February – Inquiry Across the Ages: A Panel Discussion


Hear from K-12 teachers who have successfully inspired student-driven investigations with citizen science through Investigating Evidence. They’ll share the benefits of inquiry-based teaching and strategies they’ve used to overcome challenges.

Panelist members:inquiry

Jeff Manker, Retired High School Teacher

Jeff is a retired educator who for seven years taught a self-developed, year-long, high school ornithology course. As part of that class he used many Cornell K-12 Education lessons of which Investigating Evidence was his favorite. He is now part of the Advisory Board for the Cornell Lab of Ornithology K-12 Education where he helps develop curricula. He is a self-described “Ornithangelist” who is the Board President of the Monterey Bay Birding Festival, on the Board of the Bird School Project, an active participant in the Santa Cruz County Breeding Bird Atlas project, has written several magazine articles about birds and has trained many local teachers to be birders so they feel comfortable taking their students birding.

Amy Alderman, Elementary Teacher

Amy Alderman and her students are currently working with Lydia Thompson with the Georgia Ornithological Society to be Bird Ambassadors at the nesting area for shore birds next spring. Her students have been investigating their questions about their schoolyard birds for several years.  They set up experiments and gather data.  After their investigations last year, the students generated a budget and what portion of it should be spent on seeds, suet, and meal worms.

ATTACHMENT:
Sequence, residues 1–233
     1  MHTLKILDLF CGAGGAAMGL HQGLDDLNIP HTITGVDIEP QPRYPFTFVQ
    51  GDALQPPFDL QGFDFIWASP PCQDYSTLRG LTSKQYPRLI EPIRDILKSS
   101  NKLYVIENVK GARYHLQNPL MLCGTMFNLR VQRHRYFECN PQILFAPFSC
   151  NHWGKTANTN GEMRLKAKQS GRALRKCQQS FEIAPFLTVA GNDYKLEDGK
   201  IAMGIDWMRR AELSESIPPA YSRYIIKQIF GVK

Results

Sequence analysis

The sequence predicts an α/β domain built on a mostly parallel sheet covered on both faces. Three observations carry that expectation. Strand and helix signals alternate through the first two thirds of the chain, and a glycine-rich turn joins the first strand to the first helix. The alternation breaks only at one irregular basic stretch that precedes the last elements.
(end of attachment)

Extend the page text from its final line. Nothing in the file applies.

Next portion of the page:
Phil Kahler, Science & Biology Teacher

Phil began watching birds with his students in 1994, when he and his students built a bird feeding station and covered observation blind at his school in Hillsboro, Oregon.  For over 20 years Phil and his students have been asking questions, collecting feeder bird data, and submitting their research reports to the BirdSleuth Investigator.  Investigating Evidence is an integral part of his curriculum as he mentors his young citizen scientists.  As a member of the Cornell Lab of Ornithology K-12 Education Advisory Board he has assisted with curriculum development projects and co-authored magazine articles about student bird research. Phil is also a co-founder of the Amazon Binocular Project, a project that recycles binoculars to students in the Peruvian Amazon.

Kathy Rigling, Wekiva Youth Camp Nature Coordinator

Kathy is a retired science teacher with 35 years of classroom experience. For the past 5 summers she have served as the Nature Coordinator at Wekiva Youth camp. She used the Investigating Evidence curriculum with her students and summer campers to build both their questioning and observational skills. Investigating Evidence has also been very helpful in the implementation of projects related to the nature of science core standards. This program has also served as an excellent starting point to citizen science projects

In this webinar, you will:

  • Discover tips and techniques for engaging all learners in citizen science and inquiry.
  • Learn how experienced K-12 teachers foster the scientific process through citizen-science observations.
  • Have a chance to ask teachers your questions and for advice on application in your own classroom or program.

This webinar is free and open to all educators. Choose the date that works for you and register for this webinar below.


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